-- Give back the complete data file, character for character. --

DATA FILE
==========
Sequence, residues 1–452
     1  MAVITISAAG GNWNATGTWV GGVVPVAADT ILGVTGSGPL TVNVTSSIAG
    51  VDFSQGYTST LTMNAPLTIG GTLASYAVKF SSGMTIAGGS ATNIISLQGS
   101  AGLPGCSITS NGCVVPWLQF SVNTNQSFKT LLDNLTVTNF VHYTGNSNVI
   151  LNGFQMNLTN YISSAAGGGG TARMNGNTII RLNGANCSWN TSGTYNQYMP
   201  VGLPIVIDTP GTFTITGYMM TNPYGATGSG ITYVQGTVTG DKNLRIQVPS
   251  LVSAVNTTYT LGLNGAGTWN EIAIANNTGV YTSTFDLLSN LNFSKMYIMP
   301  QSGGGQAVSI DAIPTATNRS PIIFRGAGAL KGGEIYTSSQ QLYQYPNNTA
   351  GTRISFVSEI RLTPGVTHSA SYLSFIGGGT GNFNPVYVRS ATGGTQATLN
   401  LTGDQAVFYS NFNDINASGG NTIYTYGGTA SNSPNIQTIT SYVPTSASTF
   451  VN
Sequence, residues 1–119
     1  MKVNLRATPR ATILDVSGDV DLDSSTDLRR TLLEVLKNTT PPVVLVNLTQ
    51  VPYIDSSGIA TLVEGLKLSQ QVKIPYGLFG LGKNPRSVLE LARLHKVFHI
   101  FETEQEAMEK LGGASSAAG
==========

Sequence, residues 1–452
     1  MAVITISAAG GNWNATGTWV GGVVPVAADT ILGVTGSGPL TVNVTSSIAG
    51  VDFSQGYTST LTMNAPLTIG GTLASYAVKF SSGMTIAGGS ATNIISLQGS
   101  AGLPGCSITS NGCVVPWLQF SVNTNQSFKT LLDNLTVTNF VHYTGNSNVI
   151  LNGFQMNLTN YISSAAGGGG TARMNGNTII RLNGANCSWN TSGTYNQYMP
   201  VGLPIVIDTP GTFTITGYMM TNPYGATGSG ITYVQGTVTG DKNLRIQVPS
   251  LVSAVNTTYT LGLNGAGTWN EIAIANNTGV YTSTFDLLSN LNFSKMYIMP
   301  QSGGGQAVSI DAIPTATNRS PIIFRGAGAL KGGEIYTSSQ QLYQYPNNTA
   351  GTRISFVSEI RLTPGVTHSA SYLSFIGGGT GNFNPVYVRS ATGGTQATLN
   401  LTGDQAVFYS NFNDINASGG NTIYTYGGTA SNSPNIQTIT SYVPTSASTF
   451  VN
Sequence, residues 1–119
     1  MKVNLRATPR ATILDVSGDV DLDSSTDLRR TLLEVLKNTT PPVVLVNLTQ
    51  VPYIDSSGIA TLVEGLKLSQ QVKIPYGLFG LGKNPRSVLE LARLHKVFHI
   101  FETEQEAMEK LGGASSAAG